1. The two accused have been convicted of the offence under Section 436, Indian Penal, Code, in that they destroyed by fire on the night of 14th May 1920 the cattle-shed of the complainant in the village of Chikli.
2. It is admitted that the cattle-shed was burnt down that night. The next day the complainant's brother Dadu made a statement to the effect that the fire was accidental and a Paneh-nama was recorded to that effect. The Panch and the Patil state that Dadu said that the two accused had burnt down the shed and that he was afraid to complain against them as they were the leaders of a gang who were the terror of the village.
3. The story given by the complainant and his brother Dadu is that these two accused endeavoured to extort from them a sale-deed of a field and on his refusal threatened that very night to burn down his cattle-shed. Shortly after that, the complainant was informed by the two Mahar boys Joti and Shankar that the cattle-shed had been burnt down in their presence by the two accused.
4. Now there is no doubt that the fire was not accidental. This is proved by the items of circumstantial evidence to which the Sessions Judge has referred: Firstly, the complainant and his brother did not invoke the assistance of any of the villagers to put out the fire. Secondly, the fact that none of the cattle in the shed were injured corroborates the story of the two boy a Joti and Shankar that the two accused had come to them in the cattle-shed and set fire to it after directing them to untie the bullocks tethered there. Thirdly, the fact that the explanation of the fire given in the Panohnatna cannot but be true for there was no hemp on the upper floor of the cattle-shed.
5. Again there is no doubt that a state of terrorism existed in the village. The complainant and his brother left the village two days after the fire and did not return till sent for by the police some months later. Also an armed Police post was stationed in the village to deal with this gang. These facts make it very probable that the explanation given of the statement of Dadu and the Panohnama of the 15th May are true.
6. Then there is the evidence of Narayan, Dadu and Vithu, that accused attempted to extort the sale-deed from Narayan, and on his refusal threatened to burn down his shed. And there is the direct evidence of the two Mahar boys Joti and Shankar that it was the accused who set fire to the cattle-shed.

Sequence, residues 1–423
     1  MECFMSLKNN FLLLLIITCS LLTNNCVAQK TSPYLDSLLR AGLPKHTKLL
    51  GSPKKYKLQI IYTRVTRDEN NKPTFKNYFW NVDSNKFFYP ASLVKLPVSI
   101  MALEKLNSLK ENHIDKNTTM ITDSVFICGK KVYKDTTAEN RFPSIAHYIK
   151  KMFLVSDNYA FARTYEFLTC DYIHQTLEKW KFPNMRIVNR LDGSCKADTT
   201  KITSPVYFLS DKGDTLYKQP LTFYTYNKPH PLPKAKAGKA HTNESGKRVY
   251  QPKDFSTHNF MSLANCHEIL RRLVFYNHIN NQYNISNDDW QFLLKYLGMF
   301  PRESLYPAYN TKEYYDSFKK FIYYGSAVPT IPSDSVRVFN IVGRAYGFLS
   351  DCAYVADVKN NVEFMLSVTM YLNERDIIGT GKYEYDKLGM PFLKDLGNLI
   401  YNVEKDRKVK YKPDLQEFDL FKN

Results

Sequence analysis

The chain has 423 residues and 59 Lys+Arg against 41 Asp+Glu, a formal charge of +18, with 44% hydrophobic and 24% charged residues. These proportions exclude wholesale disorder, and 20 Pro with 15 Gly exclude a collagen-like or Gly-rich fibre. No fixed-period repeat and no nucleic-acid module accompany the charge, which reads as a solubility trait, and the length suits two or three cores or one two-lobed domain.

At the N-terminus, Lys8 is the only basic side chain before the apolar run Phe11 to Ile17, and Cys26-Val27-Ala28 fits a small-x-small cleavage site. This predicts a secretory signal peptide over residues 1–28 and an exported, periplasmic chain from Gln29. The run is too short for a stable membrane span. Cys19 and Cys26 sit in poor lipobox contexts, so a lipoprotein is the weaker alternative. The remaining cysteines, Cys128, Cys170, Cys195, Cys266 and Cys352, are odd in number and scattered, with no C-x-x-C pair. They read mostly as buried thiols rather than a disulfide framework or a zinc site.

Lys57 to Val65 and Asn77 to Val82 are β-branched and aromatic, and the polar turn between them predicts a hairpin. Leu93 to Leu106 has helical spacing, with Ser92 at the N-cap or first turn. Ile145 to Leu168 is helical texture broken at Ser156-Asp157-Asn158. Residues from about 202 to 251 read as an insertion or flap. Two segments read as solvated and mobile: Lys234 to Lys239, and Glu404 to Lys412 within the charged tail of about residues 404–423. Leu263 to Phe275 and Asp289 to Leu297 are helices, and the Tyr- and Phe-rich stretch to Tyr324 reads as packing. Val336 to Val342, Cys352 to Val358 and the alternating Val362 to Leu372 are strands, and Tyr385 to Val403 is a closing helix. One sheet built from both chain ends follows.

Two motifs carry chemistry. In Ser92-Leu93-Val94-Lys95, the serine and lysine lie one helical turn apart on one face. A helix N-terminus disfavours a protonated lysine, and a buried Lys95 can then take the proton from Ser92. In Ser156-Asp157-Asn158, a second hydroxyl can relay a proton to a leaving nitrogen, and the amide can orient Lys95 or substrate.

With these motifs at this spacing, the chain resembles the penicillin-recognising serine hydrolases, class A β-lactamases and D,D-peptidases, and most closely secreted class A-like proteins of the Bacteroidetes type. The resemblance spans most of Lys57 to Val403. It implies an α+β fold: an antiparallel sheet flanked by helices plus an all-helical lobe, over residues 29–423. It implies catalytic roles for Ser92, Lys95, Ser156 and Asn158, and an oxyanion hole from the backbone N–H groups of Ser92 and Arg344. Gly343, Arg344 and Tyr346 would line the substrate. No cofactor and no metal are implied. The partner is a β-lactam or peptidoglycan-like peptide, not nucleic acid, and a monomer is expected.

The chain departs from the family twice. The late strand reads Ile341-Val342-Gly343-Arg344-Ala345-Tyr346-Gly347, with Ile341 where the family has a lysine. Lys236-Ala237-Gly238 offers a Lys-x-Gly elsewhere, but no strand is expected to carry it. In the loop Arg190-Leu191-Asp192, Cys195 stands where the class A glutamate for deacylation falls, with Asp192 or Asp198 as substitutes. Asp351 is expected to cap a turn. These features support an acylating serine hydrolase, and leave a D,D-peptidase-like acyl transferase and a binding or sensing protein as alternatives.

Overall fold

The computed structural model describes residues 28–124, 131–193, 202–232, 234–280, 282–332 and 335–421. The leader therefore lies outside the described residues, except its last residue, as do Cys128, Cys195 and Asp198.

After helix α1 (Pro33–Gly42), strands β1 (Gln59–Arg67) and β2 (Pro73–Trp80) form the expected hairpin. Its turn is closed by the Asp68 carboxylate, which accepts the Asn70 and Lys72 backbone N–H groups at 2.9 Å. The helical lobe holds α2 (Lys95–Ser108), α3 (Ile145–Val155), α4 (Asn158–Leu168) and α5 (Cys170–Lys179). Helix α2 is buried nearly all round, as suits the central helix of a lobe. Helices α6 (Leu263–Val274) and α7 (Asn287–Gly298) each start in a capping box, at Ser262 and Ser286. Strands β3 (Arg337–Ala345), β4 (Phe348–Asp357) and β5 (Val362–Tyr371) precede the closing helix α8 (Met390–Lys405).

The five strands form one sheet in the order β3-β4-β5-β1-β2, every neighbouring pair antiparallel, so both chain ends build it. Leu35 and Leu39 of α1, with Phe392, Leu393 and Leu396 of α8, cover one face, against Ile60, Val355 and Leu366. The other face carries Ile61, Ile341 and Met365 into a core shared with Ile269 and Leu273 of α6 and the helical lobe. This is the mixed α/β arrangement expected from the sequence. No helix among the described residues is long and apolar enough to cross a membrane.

7. The statements made by Joti and Shankar are substantive evidence in the case. The Sessions Judge is wrong when he considers their previous statements made to the Police and the Committing Magistrate are relevant only to contradict or negative their statements made in the Court of Session. That is the effect of Section 155 of the Indian Evidence Act; but Section 288, Criminal Procedure Code, goes further and makes such statements ' evidence in the case ', i.e., substantive evidence of the facts therein deposed to. We agree on this point in the interpretation put upon the section in the cases of Emperor v. Dwarka Kurmi I.L.R (1906) All. 683 and Queen-Empress v. Dorciaami Ayyar I.L.R (1901) Mad. 414. In the latter case the judges said :
There can be no doubt the provision was intended to enable the Court to read the previous evidence as substantive evidence in the case as (he trial where, for the purposes of justice, the adoption of such a course is found necessary by the Judge.
8. Before such evidence is substituted under Section 288, Criminal Procedure Code, it is necessary, as pointed out in Queen-Empress v. Jadub Das I.L.R (1899) Cal. 295 that there should be some reason why it should be preferred. That is a matter of prudence and not of law. Considering the state of terrorism which existed in the village and the probabilities of the case we feel sure that the statements of these two witnesses in the Magistrate's Court was the truth.
9. We accordingly confirm the conviction and sentence and dismiss the appeals.